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Lecture

Syllabus POLI 320B Politics of Policy.2013-1.pdf

8 Pages
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Department
Political Science
Course Code
POLI 101
Professor
Paul Quirk

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Description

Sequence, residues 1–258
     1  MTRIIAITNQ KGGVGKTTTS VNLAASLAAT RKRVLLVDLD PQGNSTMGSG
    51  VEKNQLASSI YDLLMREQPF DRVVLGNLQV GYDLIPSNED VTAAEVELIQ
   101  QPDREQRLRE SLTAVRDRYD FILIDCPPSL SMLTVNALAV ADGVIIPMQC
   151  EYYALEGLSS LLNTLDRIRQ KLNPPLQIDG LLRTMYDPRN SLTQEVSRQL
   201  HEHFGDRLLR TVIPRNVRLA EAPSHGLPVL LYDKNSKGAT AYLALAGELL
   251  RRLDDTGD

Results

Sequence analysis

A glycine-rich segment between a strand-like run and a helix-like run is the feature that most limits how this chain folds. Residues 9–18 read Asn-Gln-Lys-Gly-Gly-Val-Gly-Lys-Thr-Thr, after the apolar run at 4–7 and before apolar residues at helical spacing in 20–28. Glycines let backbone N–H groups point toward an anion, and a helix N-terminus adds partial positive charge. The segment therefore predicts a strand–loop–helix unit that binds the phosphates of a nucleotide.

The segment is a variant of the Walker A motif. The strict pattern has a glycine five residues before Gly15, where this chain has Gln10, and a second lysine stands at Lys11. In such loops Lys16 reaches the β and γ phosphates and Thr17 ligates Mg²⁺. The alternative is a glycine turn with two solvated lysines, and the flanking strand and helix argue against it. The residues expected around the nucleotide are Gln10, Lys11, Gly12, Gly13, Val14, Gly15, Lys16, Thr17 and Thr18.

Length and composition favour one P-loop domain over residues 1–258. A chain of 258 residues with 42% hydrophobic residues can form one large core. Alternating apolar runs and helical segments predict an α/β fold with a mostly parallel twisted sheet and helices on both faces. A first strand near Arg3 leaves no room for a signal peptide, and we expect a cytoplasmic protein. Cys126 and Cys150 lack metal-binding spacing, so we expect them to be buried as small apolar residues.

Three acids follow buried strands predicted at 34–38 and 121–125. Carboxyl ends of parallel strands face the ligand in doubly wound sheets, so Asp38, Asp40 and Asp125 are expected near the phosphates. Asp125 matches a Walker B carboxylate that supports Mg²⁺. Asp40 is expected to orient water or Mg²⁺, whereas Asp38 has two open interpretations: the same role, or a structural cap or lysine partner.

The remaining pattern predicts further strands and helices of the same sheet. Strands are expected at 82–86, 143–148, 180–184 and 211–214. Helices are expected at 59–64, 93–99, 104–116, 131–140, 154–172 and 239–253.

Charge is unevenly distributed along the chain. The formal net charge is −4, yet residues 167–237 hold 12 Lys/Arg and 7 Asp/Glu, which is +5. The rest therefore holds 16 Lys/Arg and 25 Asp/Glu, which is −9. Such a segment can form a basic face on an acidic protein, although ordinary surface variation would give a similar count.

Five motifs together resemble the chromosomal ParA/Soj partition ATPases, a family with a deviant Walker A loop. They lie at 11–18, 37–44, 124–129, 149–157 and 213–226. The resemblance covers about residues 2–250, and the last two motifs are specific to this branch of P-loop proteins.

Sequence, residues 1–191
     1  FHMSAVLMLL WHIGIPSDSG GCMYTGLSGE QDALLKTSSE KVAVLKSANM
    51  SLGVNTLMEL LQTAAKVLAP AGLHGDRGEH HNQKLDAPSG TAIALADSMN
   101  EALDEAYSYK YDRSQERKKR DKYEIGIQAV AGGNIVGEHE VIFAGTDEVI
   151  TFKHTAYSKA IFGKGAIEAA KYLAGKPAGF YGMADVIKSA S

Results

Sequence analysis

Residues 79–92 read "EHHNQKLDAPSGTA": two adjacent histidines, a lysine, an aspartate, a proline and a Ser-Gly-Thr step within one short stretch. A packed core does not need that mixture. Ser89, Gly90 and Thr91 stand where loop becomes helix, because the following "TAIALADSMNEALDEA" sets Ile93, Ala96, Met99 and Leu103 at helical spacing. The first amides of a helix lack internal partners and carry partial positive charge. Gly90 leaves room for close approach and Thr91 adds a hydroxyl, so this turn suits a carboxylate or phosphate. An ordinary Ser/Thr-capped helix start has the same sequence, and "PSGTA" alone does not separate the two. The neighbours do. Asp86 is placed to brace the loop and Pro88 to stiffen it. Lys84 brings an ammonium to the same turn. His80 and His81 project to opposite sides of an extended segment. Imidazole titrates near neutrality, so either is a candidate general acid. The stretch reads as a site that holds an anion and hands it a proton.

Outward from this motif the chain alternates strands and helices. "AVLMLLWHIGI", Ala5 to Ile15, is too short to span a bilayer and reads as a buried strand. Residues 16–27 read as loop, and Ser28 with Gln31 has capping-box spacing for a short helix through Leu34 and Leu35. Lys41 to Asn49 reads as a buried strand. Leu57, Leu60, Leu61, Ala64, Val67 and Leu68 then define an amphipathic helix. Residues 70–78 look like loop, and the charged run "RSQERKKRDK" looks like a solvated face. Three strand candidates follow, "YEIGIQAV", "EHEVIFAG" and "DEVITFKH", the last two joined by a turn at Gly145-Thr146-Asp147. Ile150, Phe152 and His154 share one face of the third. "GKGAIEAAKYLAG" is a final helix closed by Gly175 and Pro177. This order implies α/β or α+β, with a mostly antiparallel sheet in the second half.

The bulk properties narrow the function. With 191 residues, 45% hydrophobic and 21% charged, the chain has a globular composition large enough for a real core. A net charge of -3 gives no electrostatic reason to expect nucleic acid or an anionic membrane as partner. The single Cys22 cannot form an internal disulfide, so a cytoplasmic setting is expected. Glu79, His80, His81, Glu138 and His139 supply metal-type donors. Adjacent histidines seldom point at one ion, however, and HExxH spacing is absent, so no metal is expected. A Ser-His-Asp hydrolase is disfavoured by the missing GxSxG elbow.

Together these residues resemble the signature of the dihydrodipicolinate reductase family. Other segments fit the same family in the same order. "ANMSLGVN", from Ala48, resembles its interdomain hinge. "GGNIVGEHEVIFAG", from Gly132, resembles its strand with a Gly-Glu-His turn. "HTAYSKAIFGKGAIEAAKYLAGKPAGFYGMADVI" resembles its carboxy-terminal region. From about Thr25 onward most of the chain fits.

September 9, 2013 SYLLABUS POLI 320B THE POLITICS OF POLICYMAKING IN THE U.S. FALL SEMESTER (Term 1) 2013 Meetings: Tues, Thurs: 2:00-3:30 Buchanan A 104 Instructor: Professor Paul J. Quirk Email: [email protected] (best method) Phone: 604-822-2230 (office); 804-738-6409 (home, OK if time-sensitive) Office hours: Office hours: Tuesday, Thursday, 3:30-4:30 and by appointment (via email or in person). Office location: Buchanan C426. Teaching Assistant: Jason Tockman Email: [email protected] Office hours: TBA (not available October 17-November 10). This course analyzes the nature and performance of the policymaking process in US national government. Topics include: the role of institutions (especially Congress, the presidency, and the bureaucracy); the influence of interest groups and public opinion; and the use of policy analysis and expert advice. Policy areas include economic policy, health, environment, “social” issues. Examples of key questions: Can US government make intelligent decisions? Is it dominated by corporations and the wealthy? What explains the distinctive tendencies of US policies on health and gay rights? Is the US capable (in this era) of dealing effectively with serious problems. At many points, we will consider comparisons between the US and Canada. Requirements Required reading. The required reading will be moderately heavy. No books are required for purchase. The readings will be made available in several ways, consistent with copyright requirements. Some will be available for download from the UBC Library. Some will be available for download on the course website. Some will be sent as email attachments. Some may be purchased in one or more small course packets. Watch for further announcements on the availability of readings. Exams. There will be one midterm exam and a final exam. Exams will be about 40-50% on the assigned reading and 50-60% on lectures. Although the lectures will draw on the readings, they will only cover a fraction of the material from readings that may be tested. Essay. There will be a 12 page research essay. The assignment will be highly specified with respect to approach and methods, and closely related to course themes, with students having some choice of specific topics. It will require a modest amount of research in primary sources, such as congressional committee hearings and floor debates (which are available on the university website). You will receive detailed guidance about choosing topics, finding the materials, and writing the paper. You are responsible for knowing and understanding the University’s rules regarding plagiarism and academic misconduct. These rules will be strictly enforced. Participation and active learning. In addition, students will receive a mark for participation and active learning. It will be based in small part on reasonably frequent, thoughtful participation in class discussion but mainly on completion of written participation assignments. These assignments will be either written and handed in during class, or accessed via the course website. Some will be given in class and written immediately, as a means of ensuring broader participation in a class discussion. (If you cut the class, you miss the assignment.) Some of them may involve web-based exchanges with other students in the course. These assignments will be announced in class, by e-mail, or both. These assignments will not require large investments of time, but they will ensure engagement with course topics and current events in U.S. public policy, and will provide an opportunity for individual thought and expression. Written participation assignments are graded Satisfactory-Unsatisfactory, and all students will receive free credit for 1-2 missed assignments depending on the total number given— permitting a few missed assignments without penalty. IMPORTANT. Students who are observed gazing at computer screens rather than attending to class will be penalized for failure to participate, as well as distracting other students. (Do students actually not know how obvious this is?) Excused absence from exams and missed assignments. Postponement of exams will only be permitted in the case of compelling justification, such as relatively severe illness (not sniffles), university-related travel, etc., which must be adequately documented (such as by a note from a nurse). In addition, I must be notified of the excusing circumstance as early as possible, and normally in advance of the due date or exam. Students who are unable to complete a participation assignment because of such a circumstance will receive credit for it. Email messages. You are required to be able to receive email through your university address, as indicated by the Faculty Service Center listings; and to check email at least once every day. My method of sending emails will only reach those addresses. You will have small assignments (usually 10-15 minutes) on very short notice (about two days), and a few longer ones. Some announcements of these assignments, and other vital matters, will come via email, as well as the website. You may miss assignments if you do not check email at least once every day. Course website. Lectures, syllabi, handouts, and other materials will be made available via a Connect website—which you will need to access on a regular basis. You will be 2 informed via email and in class when the website is up and running. All important announcements are made by email; all documents will be posted to the website. Course notes. Students will receive copies of my lecture notes, via the website. They will be primarily in MS Word, rather than PowerPoint, because they print out more efficiently, and more readily present detailed information. Because I am developing some new lectures, however, they sometimes will not be highly detailed. You will need to take your own notes in class to be well prepared for exams. Disabilities. Students requiring accommodation of disabilities should arrange for an accommodation agreement through the university’s disabilities office. Marking weights Midterm exam = 25 percent Essay = 25 percent Participation and active learning assignments = 10 percent (based on S/U marking) Participation – oral = 5 percent Final exam = 35 percent